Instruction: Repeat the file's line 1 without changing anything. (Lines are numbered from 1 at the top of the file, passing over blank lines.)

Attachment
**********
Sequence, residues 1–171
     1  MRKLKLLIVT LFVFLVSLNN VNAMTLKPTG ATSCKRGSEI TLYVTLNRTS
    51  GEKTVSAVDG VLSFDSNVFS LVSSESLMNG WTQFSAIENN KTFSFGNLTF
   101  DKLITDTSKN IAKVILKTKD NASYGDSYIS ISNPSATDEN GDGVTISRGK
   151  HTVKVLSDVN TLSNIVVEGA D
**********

Sequence, residues 1–171